How to Buy a House in Utah

Read our Advertiser Disclosure.
Contributor, Benzinga
June 2, 2020

Thinking about making the jump from renting to owning your space? Getting a mortgage loan and buying the perfect property isn’t as difficult as it might seem. Our guide to how to buy a house in Utah will demystify the process. 

Step 1: Consider Current Utah Mortgage Rates

Every mortgage loan has 2 major parts: a principal balance (equal to the amount of money you borrow) and an annual percentage rate (APR) of interest. APRs change frequently and are often influenced by the overall state of the economy, your local housing supply and how the bond market is moving.

Locking into the lowest interest rate possible can save you thousands of dollars by the time you pay off your loan. For example, if you borrow $100,000 on a 15-year loan with 4% interest, you’ll pay a total of $33,143.82 by the time you own your home. 

If you take the exact same mortgage loan with a 4.5% interest rate, you’ll pay $37,698.77. Just ½ a percentage point difference will cost you over $4,500 more even though both loans have the exact same principal and term. This is why it’s especially advantageous to keep tabs on how average rates change to lock in at the right time.

Below, you’ll find a summary of today’s rates in Utah. We update this table regularly to provide you with the most up-to-date information available. 

Loan TypeRateAPR
30-year fixed N/A N/A
15-year fixed N/A N/A
7/1 ARM (adjustable rate) N/A N/A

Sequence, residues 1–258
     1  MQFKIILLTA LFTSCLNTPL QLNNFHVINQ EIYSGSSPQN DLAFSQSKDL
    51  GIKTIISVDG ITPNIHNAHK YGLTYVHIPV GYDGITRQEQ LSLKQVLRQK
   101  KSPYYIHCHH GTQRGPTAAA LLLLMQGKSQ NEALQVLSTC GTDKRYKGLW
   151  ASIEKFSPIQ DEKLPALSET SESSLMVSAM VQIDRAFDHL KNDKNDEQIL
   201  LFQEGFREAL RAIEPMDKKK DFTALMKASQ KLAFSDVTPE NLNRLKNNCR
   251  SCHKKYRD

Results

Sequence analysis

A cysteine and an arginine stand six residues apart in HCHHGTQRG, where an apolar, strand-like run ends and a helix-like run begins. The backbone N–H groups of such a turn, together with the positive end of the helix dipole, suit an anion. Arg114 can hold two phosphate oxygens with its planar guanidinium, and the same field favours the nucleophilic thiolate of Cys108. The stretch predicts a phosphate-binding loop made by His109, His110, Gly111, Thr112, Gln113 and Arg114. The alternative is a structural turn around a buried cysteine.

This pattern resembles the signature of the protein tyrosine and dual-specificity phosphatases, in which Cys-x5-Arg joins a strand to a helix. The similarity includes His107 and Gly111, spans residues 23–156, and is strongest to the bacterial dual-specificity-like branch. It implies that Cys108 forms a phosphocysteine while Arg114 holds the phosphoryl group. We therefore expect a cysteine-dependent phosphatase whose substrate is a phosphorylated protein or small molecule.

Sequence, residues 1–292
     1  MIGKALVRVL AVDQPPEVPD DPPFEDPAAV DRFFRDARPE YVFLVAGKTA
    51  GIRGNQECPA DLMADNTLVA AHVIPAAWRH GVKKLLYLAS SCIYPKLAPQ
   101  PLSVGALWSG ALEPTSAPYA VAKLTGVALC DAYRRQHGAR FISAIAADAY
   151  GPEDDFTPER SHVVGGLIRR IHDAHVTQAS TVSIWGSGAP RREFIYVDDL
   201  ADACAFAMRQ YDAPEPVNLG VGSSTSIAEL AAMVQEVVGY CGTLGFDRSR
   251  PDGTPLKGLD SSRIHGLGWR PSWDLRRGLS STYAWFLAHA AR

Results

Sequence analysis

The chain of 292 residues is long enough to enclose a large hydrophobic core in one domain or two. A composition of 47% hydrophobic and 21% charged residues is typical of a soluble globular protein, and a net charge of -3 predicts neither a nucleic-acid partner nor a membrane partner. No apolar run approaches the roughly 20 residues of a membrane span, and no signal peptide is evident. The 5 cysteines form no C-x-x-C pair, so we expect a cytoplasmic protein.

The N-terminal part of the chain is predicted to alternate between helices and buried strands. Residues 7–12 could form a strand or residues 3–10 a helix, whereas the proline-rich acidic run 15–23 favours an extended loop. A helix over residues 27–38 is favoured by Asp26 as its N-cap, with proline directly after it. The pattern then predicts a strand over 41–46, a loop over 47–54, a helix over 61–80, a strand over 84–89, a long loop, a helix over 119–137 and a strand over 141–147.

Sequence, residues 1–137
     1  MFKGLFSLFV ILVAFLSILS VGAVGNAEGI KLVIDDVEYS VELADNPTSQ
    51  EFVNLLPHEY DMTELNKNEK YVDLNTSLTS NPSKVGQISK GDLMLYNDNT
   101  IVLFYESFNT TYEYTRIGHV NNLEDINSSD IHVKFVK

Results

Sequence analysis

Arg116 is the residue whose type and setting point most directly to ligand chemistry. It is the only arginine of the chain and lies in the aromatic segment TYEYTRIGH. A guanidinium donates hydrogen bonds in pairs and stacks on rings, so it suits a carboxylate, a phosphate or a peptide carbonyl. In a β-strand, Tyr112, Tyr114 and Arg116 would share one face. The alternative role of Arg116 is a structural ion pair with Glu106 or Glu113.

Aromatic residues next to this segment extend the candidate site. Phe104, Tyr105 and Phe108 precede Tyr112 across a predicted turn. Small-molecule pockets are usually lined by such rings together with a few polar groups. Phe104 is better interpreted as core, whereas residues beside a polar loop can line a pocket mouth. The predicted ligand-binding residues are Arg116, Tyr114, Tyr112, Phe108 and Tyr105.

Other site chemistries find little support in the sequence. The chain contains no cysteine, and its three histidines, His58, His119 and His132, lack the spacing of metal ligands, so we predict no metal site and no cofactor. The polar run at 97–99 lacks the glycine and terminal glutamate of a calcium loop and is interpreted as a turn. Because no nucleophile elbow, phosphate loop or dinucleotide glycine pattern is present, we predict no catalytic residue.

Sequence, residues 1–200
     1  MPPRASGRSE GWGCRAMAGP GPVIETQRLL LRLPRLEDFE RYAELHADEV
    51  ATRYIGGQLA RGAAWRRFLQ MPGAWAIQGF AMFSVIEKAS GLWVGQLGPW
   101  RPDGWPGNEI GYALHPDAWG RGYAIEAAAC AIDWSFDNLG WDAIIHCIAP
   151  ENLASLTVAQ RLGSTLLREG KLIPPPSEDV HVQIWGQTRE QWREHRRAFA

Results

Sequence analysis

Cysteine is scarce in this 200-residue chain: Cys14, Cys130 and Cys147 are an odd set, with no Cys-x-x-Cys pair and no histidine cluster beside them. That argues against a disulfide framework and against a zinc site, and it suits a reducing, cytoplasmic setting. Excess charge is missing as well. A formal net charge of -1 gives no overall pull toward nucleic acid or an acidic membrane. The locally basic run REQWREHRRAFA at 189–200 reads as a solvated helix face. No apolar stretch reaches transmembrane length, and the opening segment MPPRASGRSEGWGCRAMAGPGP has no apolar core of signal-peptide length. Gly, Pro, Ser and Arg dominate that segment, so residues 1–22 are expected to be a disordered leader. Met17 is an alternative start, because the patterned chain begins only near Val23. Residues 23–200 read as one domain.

5/1 ARM (adjustable rate) N/A N/A
Rates based on an average home price of $225,000 and a down payment of 20%.
See more mortgage rates on Zillow

Step 2: Pick a Mortgage Lender in Utah

The best mortgage lender for you will depend on your needs as a buyer. If you aren’t sure where to begin, consider starting with a few of our favorite Utah lenders listed below.  

Quicken Loans
Best For
  • Online Service

1. Best Overall: Quicken Loans® 

If you’re searching for the best lender for first time buyers, Quicken Loans should be at the top of your list. The nationwide lender offers an easy mortgage process. Apply for your loan online and receive a decision instantly in most cases. You can even complete your application entirely from your phone or tablet.

Quicken Loans offers one of the widest ranges of mortgage options we’ve seen. The lender’s YOURgage program allows you to choose a custom term between 8 and 29 years (30-year loans are also available).

Veterans United
securely through Veterans United's website

2. Best for Veterans: Veterans United

VA loans are a special type of government-backed loan that allows veterans and members of the armed forces to buy a home with a 0% down payment. Veterans United is the country’s No. 1 VA lender and has been a top-rated choice for the past 4 consecutive years. Veterans who have worked with Veterans United rated the company an average of 4.7 out of 5.0 stars.

Veterans United employs a full team of former servicemen and women. This means that you’ll receive firsthand assistance getting your proof of service and understanding loan requirements from veterans who have gone through the process themselves. Not sure if you qualify? Veterans United can also assist you in applying for a conventional loan if a VA loan isn’t an option right now.